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INVESTMENT INSIGHTS FROM OUR EXPERTS

  • Writer's picturePatricia A. Stewart | CFA

What You Need to Know About the New Capital Gains Tax Changes

In June 2024, the Federal Government passed legislation that increases the capital gains tax from 50% to 66.7% for Canadians who have annual capital gains greater than $250,000. For tax filers generating gains of $250,000 or less, they will continue to pay tax on 50% of their capital gains.


For corporations and trusts, there is no threshold. All capital gains are taxed at 66.7%. The Federal government says the hike in capital gains taxes will generate an additional $19 billion in revenue over the next five years.


What Are Capital Gains?


Capital gains are the profit that individuals or businesses make when they sell an asset, such as stocks and bonds, land, an investment property, a cottage, a building, or equipment used for a business.


Generating capital gains is a good thing. It means the initial investment has grown in value and you earned a profit after the sale. At the same time, the CRA wants their share of those profits.


What does the new capital gains tax increase look like? If you sold shares and ended up with a profit of $10,000, 67% of the total capital gain is taxable. Specifically, it is included in your annual taxable income and taxed at your marginal tax rate. The remaining 33.3% or $3,330, is tax-free.


How Many Canadians Does the New Capital Gains Tax Affect?


According to the Federal government, the new increase to the capital gains tax is not only “delivering tax fairness for every generation,” but it will only impact a small number of wealthy Canadians and corporations. Approximately 40,000 individuals, or just 0.13% of taxpayers, will earn more than $250,000 in capital gains in 2025.


But the above statistics may be misleading. Most Canadians don’t sell off assets or large portions of their investment portfolio on an annual basis. Instead, selling a cottage, farmland, small business, or valuable antique often happens, perhaps, once in a lifetime.


By only concentrating on one year of statistics, the capital gains increase overlooks the number of Canadians who receive more than $250,000 in capital gains on a one-time basis.


From 2011 to 2021, an average of 44,664 tax filers reported capital gains greater than $250,000 each year. But it’s not the same people every year reporting those capital gains. Over that 11-year period, 66.3% of people who fell in that greater capital gains tax bracket reported that large gain only once. A further 15.4% reported it twice.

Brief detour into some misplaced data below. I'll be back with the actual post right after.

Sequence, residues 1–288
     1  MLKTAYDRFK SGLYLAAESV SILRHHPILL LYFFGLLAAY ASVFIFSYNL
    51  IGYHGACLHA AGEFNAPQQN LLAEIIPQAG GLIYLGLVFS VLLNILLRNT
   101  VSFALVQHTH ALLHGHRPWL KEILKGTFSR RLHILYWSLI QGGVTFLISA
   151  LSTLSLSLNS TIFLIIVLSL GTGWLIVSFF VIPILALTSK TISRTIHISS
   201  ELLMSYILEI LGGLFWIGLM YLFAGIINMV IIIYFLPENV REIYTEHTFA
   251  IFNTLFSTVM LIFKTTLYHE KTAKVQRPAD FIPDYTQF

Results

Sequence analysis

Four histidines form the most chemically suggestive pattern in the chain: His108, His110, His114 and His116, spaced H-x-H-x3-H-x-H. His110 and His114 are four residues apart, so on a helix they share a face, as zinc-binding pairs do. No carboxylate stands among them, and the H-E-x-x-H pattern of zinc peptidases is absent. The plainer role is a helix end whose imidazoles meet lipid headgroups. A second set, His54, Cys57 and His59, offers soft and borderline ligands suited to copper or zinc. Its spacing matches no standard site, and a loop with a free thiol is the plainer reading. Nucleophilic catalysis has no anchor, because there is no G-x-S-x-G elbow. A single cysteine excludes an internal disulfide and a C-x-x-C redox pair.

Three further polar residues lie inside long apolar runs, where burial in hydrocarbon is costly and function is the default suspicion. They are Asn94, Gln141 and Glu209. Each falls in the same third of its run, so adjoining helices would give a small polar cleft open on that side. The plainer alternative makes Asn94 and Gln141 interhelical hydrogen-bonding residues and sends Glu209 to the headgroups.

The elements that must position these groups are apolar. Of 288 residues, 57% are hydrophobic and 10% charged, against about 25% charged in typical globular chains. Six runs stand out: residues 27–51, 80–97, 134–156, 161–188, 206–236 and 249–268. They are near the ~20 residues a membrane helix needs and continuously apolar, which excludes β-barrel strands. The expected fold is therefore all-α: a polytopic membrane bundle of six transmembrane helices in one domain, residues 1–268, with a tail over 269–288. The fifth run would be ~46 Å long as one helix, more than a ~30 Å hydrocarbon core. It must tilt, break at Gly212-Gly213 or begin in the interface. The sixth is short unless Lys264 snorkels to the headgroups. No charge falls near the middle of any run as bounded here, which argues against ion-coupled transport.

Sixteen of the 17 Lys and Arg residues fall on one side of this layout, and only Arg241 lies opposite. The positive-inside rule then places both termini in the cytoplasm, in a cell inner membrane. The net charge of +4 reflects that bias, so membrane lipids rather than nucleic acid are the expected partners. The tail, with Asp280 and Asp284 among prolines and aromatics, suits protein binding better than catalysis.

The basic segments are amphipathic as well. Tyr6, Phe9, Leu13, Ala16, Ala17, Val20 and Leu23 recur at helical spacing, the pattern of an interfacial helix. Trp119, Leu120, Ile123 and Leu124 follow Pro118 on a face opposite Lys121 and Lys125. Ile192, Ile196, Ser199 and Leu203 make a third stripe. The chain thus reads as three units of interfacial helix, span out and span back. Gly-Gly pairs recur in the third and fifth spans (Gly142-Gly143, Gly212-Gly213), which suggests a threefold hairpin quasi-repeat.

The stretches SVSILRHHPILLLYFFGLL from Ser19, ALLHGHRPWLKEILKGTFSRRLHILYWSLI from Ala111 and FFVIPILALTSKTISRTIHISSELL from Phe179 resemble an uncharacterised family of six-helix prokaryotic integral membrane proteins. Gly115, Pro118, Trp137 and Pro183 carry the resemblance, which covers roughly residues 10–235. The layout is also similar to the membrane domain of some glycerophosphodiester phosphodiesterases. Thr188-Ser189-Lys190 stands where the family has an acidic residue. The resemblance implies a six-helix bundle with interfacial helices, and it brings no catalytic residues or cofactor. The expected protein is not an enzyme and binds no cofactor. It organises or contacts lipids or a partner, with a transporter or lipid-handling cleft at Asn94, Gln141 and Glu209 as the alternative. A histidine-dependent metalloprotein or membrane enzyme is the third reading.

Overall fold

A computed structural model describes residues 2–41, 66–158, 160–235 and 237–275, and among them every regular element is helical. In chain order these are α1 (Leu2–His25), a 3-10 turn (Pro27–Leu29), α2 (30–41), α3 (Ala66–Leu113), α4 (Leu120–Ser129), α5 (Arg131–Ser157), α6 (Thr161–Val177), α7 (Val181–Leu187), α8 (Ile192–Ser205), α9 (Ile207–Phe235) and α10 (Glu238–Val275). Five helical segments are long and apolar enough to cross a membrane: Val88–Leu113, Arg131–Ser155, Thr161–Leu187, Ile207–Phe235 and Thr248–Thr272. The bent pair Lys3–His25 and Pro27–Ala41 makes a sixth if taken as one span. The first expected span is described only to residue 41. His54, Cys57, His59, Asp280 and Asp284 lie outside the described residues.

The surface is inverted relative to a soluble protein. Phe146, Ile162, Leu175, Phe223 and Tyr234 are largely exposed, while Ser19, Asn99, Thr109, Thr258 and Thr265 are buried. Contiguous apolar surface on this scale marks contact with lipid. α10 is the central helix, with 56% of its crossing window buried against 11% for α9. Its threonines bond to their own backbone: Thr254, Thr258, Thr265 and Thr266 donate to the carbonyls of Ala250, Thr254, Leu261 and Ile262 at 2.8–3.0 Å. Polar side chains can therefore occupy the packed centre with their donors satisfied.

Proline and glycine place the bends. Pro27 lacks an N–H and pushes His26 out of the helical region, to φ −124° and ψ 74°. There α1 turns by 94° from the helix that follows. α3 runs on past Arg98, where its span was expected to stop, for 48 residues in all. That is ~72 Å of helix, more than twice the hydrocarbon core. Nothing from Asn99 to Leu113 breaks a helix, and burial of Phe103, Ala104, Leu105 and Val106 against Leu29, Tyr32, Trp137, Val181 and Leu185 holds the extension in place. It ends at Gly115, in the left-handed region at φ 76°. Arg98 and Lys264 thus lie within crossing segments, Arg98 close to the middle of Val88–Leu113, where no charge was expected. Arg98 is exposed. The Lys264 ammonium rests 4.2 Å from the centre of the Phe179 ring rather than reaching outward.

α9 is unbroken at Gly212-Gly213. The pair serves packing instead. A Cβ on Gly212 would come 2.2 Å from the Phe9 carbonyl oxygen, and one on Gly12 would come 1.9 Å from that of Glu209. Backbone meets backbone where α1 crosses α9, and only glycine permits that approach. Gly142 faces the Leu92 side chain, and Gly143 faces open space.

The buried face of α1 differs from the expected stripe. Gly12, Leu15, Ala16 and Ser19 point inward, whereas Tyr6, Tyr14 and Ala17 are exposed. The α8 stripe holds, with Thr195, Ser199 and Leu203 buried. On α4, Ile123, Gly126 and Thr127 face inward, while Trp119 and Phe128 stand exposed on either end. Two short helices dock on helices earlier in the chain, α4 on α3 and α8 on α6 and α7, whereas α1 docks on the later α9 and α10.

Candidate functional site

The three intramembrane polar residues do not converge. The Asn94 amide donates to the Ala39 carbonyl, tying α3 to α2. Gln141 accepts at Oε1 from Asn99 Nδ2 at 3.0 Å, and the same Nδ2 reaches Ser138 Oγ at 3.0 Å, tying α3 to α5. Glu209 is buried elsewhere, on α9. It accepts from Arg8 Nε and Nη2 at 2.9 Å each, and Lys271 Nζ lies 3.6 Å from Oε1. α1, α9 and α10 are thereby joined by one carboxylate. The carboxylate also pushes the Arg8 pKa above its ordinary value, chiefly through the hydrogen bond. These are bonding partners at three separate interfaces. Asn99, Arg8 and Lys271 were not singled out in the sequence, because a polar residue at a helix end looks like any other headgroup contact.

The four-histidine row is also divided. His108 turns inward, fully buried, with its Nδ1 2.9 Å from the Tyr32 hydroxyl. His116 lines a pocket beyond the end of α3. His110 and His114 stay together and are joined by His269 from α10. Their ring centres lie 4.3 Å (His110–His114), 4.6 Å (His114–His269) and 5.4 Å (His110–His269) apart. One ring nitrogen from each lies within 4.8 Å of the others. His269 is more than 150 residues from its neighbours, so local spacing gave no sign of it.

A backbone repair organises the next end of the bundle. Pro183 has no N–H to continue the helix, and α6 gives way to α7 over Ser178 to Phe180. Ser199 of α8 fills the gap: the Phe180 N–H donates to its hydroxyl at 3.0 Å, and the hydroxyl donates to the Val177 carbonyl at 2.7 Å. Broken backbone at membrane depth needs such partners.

Only 4.2% of Canadian tax filers reported capital gains over $250,000 six or more times. That works out to 1,850 people. It’s not those 1,850 Canadian tax filers that are going to generate $19 billion over the next five years. Instead, the capital gains increase will primarily impact middle-class Canadians. And it’s a big number.


How Will the Capital Gains Tax Affect the Canadian Economy and Investments?


There are a few ways the capital gains tax affects the Canadian economy:


  1. The new capital gains tax increase could be triggered if an individual sells an investment property or cottage as it is not deemed a principal residence. Today, approximately 4.4 million Canadians own an investment property with 26% of all Canadians saying they expect to buy an investment property by 2028. One-third (32%) of Canadian real estate investors own two or more properties.

  2. The increased capital gains tax could hurt Canada’s economic competitiveness. Higher capital gains taxes discourage business investment, entrepreneurship, and innovation by reducing the returns that investors, businesses, and entrepreneurs could otherwise look forward to from starting or expanding a business or investing their money in the Canadian economy. This could result in Canadian businesses, talent, and startups taking their businesses elsewhere.

  3. Increased capital gains taxes could make mergers and acquisitions less attractive. According to one study, previous increases in corporate tax gains reduced mergers and acquisitions in Canada by $1.1 billion a year. This resulted in lower market caps, with annual losses of $300 million.

  4. The new capital gains increase further widens the productivity gap between Canada and the U.S. The latest data from Statistics Canada shows that Canada’s labour production—a hubbgmeasure of the average output per hour worked—fell for the fourth straight quarter. In fact, Canada’s productivity gap with the U.S. is about $20,000 per person per year, putting wages 8% below our U.S. counterparts. This has a direct impact on businesses, investments, and capital, especially investing portfolios.


Sharp Asset Management – Helping You Reach Your Financial Goals


If you live in Toronto, Mississauga, or anywhere in the GTA and want to know how the new increase to the capital gains tax affects you, speak with the certified wealth management and retirement planning professionals at Sharp Asset Management.


Sharp Asset Management is an asset management firm that is 100% owner-operated. Our retirement planning professionals are not affiliated with any financial institution, securities firm, or mutual fund company, and our investment decisions are unbiased. We also do not earn any commissions or fees on investments we choose on behalf of our clients.


To learn more about how Sharp Asset Management can help you with your retirement planning, contact us today.

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